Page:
We know here that the housing market is a risky game to play. There’s imminent crashes following promising booms –– it was too unpredictable of a game for Zillow to put it’s chips into but why wouldn’t they? Zillow is known for its trademarked algorithmic model they use to predict the price of houses: the Zestimate. But there’s too many variables, the dynamic is always changing. Zillow learned that it cannot accurately predict the cost of a home and use it to profit outright on newly owned fixed assets. We’re relieved to see that they cleansed themselves of this asset-heavy burden –– it takes more than just one period of market demand in the housing game to actually create a profitable operation.

Is it time to leave behind the 60/40 ratio?

The days for a 60/40 investment portfolio are long behind us. The market has reached so many possibilities that anyone still focusing on a traditional balanced portfolio may be behind in the game.

It’s time to diversify your portfolio –– opportunities exist and investing has been democratized for everyone to participate in. An efficient method to expand your assets can entail taking a chance on collectables and alternative investments that may have felt inaccessible to you before. We’ve observed that there’s good returns for diversification in your portfolio –– it may be time to implement a new asset class.

What are the best types of alternative investments for you?

Fine art and fine wine are two categories of collectable investments that may not entice everyone but have the potential to. Over the past 15 years, fine wine investments have had an annualized 13.6 percent return; art has returned an average of about 7.5 percent.

So the question is: are they for you? Someone who has a million plus dollars to invest should allocate at least 10 percent to a few different alternative strategies; maybe do a third towards fine wine or fine art. Though, investing in these alternative ventures is available to everyone –– a diverse collection of assets is a strong collection. But of course, the deeper your pockets, the higher the returns.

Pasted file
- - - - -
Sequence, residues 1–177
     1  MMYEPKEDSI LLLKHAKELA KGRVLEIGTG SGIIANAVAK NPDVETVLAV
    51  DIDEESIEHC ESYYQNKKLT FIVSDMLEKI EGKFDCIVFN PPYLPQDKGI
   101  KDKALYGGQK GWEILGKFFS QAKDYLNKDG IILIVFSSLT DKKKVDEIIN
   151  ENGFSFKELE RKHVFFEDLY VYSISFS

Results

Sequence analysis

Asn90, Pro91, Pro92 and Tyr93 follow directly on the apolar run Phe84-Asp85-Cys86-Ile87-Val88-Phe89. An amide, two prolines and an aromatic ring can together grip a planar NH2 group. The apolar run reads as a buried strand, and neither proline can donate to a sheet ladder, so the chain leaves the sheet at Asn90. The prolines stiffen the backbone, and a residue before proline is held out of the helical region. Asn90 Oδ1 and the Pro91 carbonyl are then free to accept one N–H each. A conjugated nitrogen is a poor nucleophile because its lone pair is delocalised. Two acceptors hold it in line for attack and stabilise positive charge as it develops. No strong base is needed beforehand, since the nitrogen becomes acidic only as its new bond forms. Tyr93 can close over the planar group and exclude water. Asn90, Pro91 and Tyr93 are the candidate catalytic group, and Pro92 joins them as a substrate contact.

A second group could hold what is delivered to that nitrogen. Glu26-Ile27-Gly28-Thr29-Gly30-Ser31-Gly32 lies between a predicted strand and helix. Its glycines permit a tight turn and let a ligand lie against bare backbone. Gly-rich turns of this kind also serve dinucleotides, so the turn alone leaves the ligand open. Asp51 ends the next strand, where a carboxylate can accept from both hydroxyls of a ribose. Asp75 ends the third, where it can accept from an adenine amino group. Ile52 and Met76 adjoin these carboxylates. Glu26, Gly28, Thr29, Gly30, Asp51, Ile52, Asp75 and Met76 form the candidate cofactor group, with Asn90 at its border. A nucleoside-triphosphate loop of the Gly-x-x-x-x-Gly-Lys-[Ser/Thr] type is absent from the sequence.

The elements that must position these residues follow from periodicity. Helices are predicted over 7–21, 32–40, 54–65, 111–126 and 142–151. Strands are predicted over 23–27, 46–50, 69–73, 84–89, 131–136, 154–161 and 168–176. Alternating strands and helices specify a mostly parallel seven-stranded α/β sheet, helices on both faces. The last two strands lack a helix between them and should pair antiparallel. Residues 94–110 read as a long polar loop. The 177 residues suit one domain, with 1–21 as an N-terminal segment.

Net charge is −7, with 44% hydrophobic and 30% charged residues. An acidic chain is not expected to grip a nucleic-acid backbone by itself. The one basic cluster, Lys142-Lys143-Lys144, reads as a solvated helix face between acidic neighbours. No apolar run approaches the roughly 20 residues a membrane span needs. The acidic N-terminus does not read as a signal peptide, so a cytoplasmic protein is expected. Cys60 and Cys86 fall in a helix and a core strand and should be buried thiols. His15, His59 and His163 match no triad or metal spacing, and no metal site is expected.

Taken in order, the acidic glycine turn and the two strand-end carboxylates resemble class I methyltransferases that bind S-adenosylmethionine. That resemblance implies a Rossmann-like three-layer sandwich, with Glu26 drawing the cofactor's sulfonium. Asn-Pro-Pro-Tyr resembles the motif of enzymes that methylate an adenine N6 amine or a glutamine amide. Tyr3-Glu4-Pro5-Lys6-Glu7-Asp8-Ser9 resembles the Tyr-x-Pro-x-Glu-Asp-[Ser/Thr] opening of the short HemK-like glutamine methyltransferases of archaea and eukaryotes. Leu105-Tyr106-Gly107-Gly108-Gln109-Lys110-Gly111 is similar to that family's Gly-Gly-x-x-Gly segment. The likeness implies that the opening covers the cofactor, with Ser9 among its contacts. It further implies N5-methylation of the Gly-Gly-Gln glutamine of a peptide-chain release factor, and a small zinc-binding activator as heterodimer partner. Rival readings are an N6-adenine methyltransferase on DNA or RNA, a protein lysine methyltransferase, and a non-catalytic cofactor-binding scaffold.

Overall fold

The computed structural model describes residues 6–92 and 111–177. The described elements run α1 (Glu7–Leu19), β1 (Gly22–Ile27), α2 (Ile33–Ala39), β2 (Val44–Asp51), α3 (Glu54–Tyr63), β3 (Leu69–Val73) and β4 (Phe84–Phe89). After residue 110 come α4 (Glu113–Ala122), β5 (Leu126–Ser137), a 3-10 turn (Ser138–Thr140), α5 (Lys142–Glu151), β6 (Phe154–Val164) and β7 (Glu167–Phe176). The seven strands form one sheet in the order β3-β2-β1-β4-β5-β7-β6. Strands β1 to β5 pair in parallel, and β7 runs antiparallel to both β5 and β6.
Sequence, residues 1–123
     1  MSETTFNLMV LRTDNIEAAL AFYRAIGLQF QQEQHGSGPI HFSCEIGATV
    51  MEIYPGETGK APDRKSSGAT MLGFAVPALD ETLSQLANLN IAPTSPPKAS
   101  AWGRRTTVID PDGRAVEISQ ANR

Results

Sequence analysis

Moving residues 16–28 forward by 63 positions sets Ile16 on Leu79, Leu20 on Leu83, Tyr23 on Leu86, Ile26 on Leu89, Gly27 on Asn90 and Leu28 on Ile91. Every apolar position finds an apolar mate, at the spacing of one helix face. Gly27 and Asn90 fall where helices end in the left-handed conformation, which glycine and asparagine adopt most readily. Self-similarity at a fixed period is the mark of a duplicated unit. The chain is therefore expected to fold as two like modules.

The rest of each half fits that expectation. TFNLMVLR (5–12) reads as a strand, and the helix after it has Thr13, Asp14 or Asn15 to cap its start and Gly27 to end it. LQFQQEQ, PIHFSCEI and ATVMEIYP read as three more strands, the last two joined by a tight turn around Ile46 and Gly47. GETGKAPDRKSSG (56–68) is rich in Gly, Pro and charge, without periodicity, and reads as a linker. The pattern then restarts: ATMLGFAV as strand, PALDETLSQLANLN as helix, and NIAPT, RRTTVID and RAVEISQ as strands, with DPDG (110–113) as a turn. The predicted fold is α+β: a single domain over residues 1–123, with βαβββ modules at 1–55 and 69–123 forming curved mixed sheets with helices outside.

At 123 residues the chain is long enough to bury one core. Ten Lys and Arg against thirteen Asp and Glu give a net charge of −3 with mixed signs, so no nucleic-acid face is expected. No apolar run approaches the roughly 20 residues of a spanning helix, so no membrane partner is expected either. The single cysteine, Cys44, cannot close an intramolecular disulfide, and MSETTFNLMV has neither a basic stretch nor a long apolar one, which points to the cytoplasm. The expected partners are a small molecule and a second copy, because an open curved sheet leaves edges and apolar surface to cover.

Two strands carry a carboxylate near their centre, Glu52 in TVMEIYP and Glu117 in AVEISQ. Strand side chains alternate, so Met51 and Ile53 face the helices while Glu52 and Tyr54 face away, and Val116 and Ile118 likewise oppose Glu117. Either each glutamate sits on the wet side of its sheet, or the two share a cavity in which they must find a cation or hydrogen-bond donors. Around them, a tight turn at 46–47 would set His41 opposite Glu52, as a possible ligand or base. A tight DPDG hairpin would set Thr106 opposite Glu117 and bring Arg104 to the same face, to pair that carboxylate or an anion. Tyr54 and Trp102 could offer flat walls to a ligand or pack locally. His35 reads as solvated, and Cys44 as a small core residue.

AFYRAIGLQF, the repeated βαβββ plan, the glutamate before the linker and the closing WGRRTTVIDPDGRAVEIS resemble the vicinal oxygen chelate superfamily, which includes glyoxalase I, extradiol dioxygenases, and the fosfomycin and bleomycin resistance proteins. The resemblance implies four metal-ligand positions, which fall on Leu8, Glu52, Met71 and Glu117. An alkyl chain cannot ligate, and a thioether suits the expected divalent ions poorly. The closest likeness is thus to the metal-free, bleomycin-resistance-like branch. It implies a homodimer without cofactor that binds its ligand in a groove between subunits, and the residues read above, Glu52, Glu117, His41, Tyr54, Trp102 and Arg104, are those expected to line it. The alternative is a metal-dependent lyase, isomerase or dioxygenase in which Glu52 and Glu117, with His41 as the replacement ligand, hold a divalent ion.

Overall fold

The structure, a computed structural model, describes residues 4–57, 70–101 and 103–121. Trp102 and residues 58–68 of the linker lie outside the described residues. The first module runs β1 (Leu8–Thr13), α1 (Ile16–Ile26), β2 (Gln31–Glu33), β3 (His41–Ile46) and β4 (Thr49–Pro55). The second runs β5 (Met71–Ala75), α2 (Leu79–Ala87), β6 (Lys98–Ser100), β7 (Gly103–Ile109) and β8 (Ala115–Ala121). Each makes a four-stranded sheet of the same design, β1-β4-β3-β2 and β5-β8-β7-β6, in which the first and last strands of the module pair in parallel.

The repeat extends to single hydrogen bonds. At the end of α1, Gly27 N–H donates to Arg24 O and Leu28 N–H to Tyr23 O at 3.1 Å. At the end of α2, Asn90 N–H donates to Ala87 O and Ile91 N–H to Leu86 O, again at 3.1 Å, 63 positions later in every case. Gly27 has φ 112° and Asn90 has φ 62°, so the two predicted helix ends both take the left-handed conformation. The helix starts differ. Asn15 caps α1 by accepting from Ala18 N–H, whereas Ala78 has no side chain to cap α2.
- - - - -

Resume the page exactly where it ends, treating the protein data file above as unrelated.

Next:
Collectable categories like fine wine or fine art may seem intimidating to a traditional investor, but there’s more resources available now more than ever, to assist with finer purchases and prospects. A diverse investor does not need to be a wine or art connoisseur these days –– but the harder the player you are, the more exclusive access you’ll get. A fine wine doesn’t age in a day and neither will your assets. This is a long game but it’s available to you, for you.

NFTs are still surging, be brave and explore the options

NFT’s are one of a kind assets and there’s a reason we’re staying up to date with their progress. Non-fungible tokens are ownership certificates of digital assets and as abstract as they are, some investors are realizing millions.

Since we last discussed the NFT topics, the future’s looking bright. This year, the sales of these digital assets are up by $4 billion in the first half of 2021 and they have the potential to keep growing. There’s a lot of aptitude in taking brave investments of NFTs, but they can be challenging. If it’s too unfamiliar for you, the crypto space is much more feasible and easier to participate in.

But no matter what, you have to diversify your portfolio. Whatever that looks like, be bold and step outside of traditional stocks. Times are changing, money is getting smarter and so is investing.

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Keep Listening to The Capitalist Investor:
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Episode 21:
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Episode 38:
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Episode 54:
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Episode 70:
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Episode 86:
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Episode 102:
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Episode 7: